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Cycling's Most Infamous Motodoping Accusation Has Returned To Haunt The Sport

Cycling's Most Infamous Motodoping Accusation Has Returned To Haunt The Sport
From Deadspin - November 9, 2017

Last January, Belgian cyclist Femke Van den Driessche was caught using an illegal motor in her bike at the cyclocross world championships, and though it was the first confirmed case of motodoping, the professional cycling worlds ultimate boogeyman has haunted the sport since a very specific incident in 2010. That year, all-time great Fabian Cancellara dominated both Paris-Roubaix and the Tour of Flanders (the two most prestigious one-day races in the cycling world), though his performances were met with a bit of scrutiny. Former pro David Cassani accused Cancellara of using a hidden motor, and a now-infamous YouTube truther video highlighted a few suspect accelerations that Cancellara was able to make, purportedly with the aid of that motor.

Cancellara has denied the allegations up and down and hes never been found out. However, those accelerations are funky, and although no professionals besides and Van den Driessche have been caught, there have been a steady stream of accusations against top-level pro riders and cycling officials seem to be taking motodoping pretty seriously. Goofy amateurs keep getting caught, but the degree to which this is an actual problem is still uncertain.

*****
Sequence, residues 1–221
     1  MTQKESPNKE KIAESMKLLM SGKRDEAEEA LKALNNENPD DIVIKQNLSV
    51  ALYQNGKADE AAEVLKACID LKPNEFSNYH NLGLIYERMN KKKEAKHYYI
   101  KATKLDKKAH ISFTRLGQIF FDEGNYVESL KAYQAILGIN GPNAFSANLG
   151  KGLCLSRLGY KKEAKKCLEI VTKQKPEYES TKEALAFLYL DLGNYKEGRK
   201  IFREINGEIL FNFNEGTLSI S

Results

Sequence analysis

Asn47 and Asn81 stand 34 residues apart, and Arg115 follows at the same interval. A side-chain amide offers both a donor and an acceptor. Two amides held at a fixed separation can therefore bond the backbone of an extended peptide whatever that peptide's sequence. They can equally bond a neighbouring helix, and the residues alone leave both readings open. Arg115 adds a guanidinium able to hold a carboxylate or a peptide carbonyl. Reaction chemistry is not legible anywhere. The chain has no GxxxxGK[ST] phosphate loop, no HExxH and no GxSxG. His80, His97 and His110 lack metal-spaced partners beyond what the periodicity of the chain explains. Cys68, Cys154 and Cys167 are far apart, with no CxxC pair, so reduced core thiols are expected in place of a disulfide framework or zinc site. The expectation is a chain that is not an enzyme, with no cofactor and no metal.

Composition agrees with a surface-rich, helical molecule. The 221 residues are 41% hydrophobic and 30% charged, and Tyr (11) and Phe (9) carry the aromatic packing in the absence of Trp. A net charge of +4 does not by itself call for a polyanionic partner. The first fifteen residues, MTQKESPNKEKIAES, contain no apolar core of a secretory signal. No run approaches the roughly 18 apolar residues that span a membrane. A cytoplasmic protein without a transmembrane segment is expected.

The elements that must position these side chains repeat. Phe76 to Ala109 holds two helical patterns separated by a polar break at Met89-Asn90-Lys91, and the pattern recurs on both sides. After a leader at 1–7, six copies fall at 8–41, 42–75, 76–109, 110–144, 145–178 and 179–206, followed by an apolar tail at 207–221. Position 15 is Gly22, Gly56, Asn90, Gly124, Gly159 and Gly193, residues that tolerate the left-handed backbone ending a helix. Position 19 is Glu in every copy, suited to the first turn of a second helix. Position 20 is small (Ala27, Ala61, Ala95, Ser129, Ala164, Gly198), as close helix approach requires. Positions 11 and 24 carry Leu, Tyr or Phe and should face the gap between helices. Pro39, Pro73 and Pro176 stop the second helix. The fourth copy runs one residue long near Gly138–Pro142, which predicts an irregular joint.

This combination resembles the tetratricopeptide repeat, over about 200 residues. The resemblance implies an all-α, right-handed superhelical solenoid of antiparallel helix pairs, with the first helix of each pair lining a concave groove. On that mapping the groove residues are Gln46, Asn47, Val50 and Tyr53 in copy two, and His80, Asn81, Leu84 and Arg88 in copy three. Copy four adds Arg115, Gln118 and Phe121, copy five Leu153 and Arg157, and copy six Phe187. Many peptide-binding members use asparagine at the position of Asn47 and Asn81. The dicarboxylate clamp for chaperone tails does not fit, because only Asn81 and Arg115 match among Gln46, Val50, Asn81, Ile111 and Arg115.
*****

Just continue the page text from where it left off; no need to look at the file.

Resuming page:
Which brings us to Phil Gaimon, jolly former professional rider whose recent book Draft Animals: Living the Pro Cycling Dream (Once in a While) has dredged up Cancellaras sudden accelerations from seven years ago and brought this whole mess back into the news cycle. In the book, Gaimon writes about watching the 2010 Paris-Roubaix and hearing rumors that Cancellara kept his bike away from the rest of his team with his private mechanic. When you watch the footage, his accelerations dont look natural at all, like hes having trouble staying on the top of the pedals. Thatf**ker probably did have a motor, he writes.

Thats a fairly hefty accusation, and its been picked up around the cycling world. However,Gaimon pointed out that he was simply giving his take, and that writ large, motodoping is essentially a nonissue inside the cycling world. The irony is that in the book, the context is dismissing motor doping as clickbait since that year when he did it, Gaimon told Deadspin. In retrospect I should have expected it but I didnt.

This echoes what he told Cycling News yesterday, when he called the accusation a red herring:

I do think it happened that year a couple times, but as soon as somebody noticed and it became a story nobody did it again. I think its an absolute clickbait, red herring - even up to the new UCI president [David Lappartient] who is acting like its a big issue that he is going to get to the bottom of. Anyone on the inside knows its a joke.

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